Besides, what we have now is far less samey than the monochrome liveried stock that rolled around in the 70s and 80s.
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Old May 30th, 2015, 03:40 AM   #5666
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Ya but it pales in comparison to the glory days of American rail! When the Streamliners sped across our country and into our cities. It would be a very different America if rail had stayed the primary mode of transportation, imagine HSR already connecting most of our major cities with Maglev train routes in construction right now!
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Old May 30th, 2015, 04:13 AM   #5667
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It's still difficult to imagine high-speed rail being a useful mode of transportation across the entire country, given our settlement patterns and the giant population hole in the middle. It still makes the most sense to focus on the most densely populated parts of the country, even if that were to mean everything east of the Mississippi, the Texas Triangle, and sections of the west coast.

As this point, particularly given the suburban nature of much of our housing nationwide, I'd just be glad to see genuine, dedicated PDL's along our very densest corridors.
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Old May 30th, 2015, 05:39 AM   #5668
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There are some other corridors as well:

Denver-Colorado Springs-Santa Fe-Albuquerque.

LA-Vegas-Phoenix

You could just about make an argument for eventually building a line clear through from LA to New Orleans, if you consider all of the cities along the route.
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Old May 30th, 2015, 08:45 AM   #5669
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Bullet Train in South Norwalk?


Bullet Train at SoNo Station?
by Corey Best, on Flickr
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Old May 31st, 2015, 08:20 AM   #5670
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Nevada joins the high-speed rail bandwagon with plans for Vegas, SoCal link

May 26, 2015, 5:52am PDT
Allen Young
Sacramento Business Journal


Quote:
A high-speed train to Las Vegas took another step toward to reality last week as the Nevada Legislature sent a bill to Gov. Brian Sandoval to establish the Nevada High-Speed Rail Authority.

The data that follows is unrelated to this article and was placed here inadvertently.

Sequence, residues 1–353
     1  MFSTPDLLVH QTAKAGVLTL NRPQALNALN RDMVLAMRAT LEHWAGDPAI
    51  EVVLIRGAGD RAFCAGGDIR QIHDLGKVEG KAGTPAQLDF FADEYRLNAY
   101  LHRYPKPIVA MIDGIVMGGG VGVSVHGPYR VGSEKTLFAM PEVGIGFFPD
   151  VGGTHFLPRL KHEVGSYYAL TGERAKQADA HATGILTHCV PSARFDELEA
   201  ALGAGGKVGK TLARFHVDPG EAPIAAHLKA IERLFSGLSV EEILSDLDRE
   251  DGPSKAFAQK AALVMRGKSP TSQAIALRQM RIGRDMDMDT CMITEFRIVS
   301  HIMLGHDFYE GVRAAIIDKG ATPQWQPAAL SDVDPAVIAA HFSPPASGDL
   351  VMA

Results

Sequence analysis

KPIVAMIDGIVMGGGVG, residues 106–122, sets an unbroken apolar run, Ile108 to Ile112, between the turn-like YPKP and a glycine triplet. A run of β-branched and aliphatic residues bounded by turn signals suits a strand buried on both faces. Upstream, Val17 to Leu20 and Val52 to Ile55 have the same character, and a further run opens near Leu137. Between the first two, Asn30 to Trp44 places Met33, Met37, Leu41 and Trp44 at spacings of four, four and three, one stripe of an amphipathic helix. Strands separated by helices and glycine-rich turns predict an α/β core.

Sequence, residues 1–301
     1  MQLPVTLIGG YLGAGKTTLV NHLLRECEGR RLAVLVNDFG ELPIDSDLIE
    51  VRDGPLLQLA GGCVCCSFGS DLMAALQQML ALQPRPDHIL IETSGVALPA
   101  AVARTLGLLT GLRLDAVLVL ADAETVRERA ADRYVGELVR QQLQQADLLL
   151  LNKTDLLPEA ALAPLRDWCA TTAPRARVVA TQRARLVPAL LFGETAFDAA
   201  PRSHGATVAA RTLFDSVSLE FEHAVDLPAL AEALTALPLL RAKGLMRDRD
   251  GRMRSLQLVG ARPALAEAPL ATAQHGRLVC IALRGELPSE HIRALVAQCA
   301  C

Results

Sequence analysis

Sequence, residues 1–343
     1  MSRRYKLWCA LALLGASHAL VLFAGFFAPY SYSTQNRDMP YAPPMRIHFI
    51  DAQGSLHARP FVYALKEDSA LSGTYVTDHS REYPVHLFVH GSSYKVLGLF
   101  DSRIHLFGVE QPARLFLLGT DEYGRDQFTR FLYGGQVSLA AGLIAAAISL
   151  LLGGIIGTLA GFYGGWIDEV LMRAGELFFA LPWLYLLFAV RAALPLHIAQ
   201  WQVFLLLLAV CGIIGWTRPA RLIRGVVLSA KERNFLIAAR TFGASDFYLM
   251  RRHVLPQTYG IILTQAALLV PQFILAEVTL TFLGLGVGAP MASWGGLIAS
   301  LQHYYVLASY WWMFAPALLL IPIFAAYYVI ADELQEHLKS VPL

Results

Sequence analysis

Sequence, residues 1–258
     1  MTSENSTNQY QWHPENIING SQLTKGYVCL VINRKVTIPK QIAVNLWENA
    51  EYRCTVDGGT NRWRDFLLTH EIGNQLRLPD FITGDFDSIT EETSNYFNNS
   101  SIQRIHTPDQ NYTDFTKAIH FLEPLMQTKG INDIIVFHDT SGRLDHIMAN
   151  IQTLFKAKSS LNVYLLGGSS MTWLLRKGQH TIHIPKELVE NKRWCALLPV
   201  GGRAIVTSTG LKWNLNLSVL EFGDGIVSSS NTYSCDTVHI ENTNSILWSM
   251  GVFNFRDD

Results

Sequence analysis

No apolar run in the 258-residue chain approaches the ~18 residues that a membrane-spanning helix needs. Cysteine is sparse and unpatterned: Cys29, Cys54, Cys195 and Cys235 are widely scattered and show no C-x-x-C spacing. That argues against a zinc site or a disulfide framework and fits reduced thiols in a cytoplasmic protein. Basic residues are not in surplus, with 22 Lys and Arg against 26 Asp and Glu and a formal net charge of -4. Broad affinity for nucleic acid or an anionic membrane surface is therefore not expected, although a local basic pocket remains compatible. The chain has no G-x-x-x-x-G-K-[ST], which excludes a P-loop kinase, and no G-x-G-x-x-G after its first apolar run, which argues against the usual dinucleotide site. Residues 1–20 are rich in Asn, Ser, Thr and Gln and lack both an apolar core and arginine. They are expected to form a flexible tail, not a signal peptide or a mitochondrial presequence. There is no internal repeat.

The agency would select a firm to construct and operate a high-speed train from Las Vegas to Southern California and oversee construction if Senate Bill 457 becomes law. The bill passed both legislative chambers last week with only one dissenting vote.

XpressWest, a private rail company, has proposed a bullet train from Las Vegas to Victorville in California, where it would connect to other rail systems. The trip would last 80 minutes, with trains traveling at speeds up to 150 miles per hour, the company reports on its website.

Financing for the $6.9 billion project is in final stages, the company reports, with money coming from a mix of private investment and federal grants.

The counties of Los Angeles and San Bernardino have adopted resolutions supporting the project, XpressWest said. The Nevada project also has early support from the California High-Speed Rail Authority, said spokeswoman Lisa Alley.
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Old May 31st, 2015, 09:37 AM   #5671
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At least some progress on my favourite HSR project in America
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Old June 1st, 2015, 02:56 AM   #5672
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Nevada legislature approves high-speed rail from socal to Vegas

"Unlike the bullet train from San Francisco to Los Angeles championed by California Governor Jerry Brown, a proposed bullet train from Southern California to Las Vegas approved by the Nevada legislature last week would not rely on state funds."

"According to the Sacramento Business Journal (via California Political Review), the Nevada Legislature sent Senate Bill 457 to Gov. Brian Sandoval to establish the Nevada High-Speed Rail Authority, which would choose a firm to construct and operate the high-speed train. The bill passed both houses of the Nevada legislature with only one nay vote"

http://www.breitbart.com/california/...a-legislature/
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Old June 1st, 2015, 05:52 AM   #5673
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👍🏼
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Old June 1st, 2015, 08:06 AM   #5674
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SO FAST?
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Old June 1st, 2015, 08:34 AM   #5675
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Wasn't this killed last year?
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Old June 1st, 2015, 09:25 AM   #5676
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Wasn't this killed last year?
No, it wasn't. XpressWest was suspended, because investors can't find proper train manufacturer for this line and proper funding. But not cancelled
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Old June 1st, 2015, 09:32 AM   #5677
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No, it wasn't. XpressWest was suspended, because investors can't find proper train manufacturer for this line and proper funding. But not cancelled
Is Siemens or Bombardier stepping up this time?
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Old June 1st, 2015, 09:37 AM   #5678
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Is Siemens or Bombardier stepping up this time?
Or even Chinese. I don't know
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Old June 1st, 2015, 12:09 PM   #5679
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Or even Chinese. I don't know
I thought it had to be buy America?
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Old June 1st, 2015, 06:31 PM   #5680
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Buy America is for federal (and state) funded projects.